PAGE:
One of those belief systems is that of blissful ignorance - which fulfills a need for positivism regardless of prevailing evidence. Another is that of cheerleading which is based on the belief that what the economy really needs is a revival of "animal spirits". "Cheerleaders" believe that the best way to restore those animal spirits is to tirelessly spew out positive spins on every news and data item. While the concept of animal spirits is a useful one, the belief that they can be controlled more through news flow than through consumers actually observing and acting on attractive economic opportunities is at once, less than completely truthful, patronizing to consumers, and counterproductive to economic problem solving.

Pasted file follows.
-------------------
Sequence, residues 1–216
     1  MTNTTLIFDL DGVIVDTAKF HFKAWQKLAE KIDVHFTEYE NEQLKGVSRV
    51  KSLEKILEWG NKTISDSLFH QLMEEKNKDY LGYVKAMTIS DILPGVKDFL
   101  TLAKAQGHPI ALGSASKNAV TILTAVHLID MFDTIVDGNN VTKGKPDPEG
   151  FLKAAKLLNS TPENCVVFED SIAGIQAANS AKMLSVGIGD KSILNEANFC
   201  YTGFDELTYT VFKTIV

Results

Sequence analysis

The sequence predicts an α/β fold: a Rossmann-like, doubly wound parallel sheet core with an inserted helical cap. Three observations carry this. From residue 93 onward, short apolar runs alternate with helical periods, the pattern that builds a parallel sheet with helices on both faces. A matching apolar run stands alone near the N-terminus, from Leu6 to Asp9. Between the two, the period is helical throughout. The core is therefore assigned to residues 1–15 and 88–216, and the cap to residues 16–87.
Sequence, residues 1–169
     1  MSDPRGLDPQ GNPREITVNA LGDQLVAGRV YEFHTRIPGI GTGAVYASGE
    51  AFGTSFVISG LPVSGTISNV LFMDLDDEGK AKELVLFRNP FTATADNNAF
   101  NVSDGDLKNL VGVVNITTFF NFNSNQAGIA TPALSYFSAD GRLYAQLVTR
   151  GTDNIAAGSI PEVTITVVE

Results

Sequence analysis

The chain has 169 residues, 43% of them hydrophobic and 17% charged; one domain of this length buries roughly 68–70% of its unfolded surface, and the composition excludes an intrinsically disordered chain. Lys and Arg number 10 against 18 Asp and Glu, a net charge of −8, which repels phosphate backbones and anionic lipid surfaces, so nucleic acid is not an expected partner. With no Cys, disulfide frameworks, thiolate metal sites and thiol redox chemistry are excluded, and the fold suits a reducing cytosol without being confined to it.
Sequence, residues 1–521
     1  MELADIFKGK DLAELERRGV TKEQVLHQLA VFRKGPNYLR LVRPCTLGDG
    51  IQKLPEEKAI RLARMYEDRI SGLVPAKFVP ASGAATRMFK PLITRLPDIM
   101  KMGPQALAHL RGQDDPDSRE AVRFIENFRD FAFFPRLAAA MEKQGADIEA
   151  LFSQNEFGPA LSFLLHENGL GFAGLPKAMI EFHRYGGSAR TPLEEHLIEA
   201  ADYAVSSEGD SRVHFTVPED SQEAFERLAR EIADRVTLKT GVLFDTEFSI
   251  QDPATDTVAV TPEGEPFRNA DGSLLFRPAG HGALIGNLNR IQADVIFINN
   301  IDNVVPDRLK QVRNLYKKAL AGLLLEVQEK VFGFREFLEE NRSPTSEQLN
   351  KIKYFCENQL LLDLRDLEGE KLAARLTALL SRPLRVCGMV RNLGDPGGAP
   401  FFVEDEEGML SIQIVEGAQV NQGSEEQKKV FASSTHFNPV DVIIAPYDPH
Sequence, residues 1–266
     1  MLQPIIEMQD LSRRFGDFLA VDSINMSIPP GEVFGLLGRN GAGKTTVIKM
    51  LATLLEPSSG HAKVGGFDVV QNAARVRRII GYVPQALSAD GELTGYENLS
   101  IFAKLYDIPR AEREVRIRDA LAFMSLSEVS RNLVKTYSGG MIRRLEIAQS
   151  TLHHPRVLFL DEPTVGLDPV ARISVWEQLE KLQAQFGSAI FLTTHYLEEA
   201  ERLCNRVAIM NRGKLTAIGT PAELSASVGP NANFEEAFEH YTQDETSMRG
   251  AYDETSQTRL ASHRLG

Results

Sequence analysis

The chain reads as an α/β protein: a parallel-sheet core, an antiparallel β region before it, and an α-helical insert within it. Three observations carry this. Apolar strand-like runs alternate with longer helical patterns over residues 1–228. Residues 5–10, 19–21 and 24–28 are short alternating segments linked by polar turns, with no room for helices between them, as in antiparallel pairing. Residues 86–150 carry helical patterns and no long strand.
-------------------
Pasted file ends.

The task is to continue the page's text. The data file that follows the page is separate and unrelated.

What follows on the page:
Yet another belief system may actually result from a coping mechanism that belies deeper and darker concerns. In his book, Hillbilly Elegy, JD Vance references a December 2000 paper by Carl A. Markstrom, Sheila K. Marshall, and Robin J. Tryon. He notes, "Their paper suggests that hillbillies learn from an early age to deal with uncomfortable truths by avoiding them, or by pretending better truths exist. This tendency might make for psychological resistance, but it also makes it hard for Appalachians to look at themselves honestly." It is not hard to infer that some "optimistic" beliefs are, paradoxically, more reflective of economic hardship than of true improvement.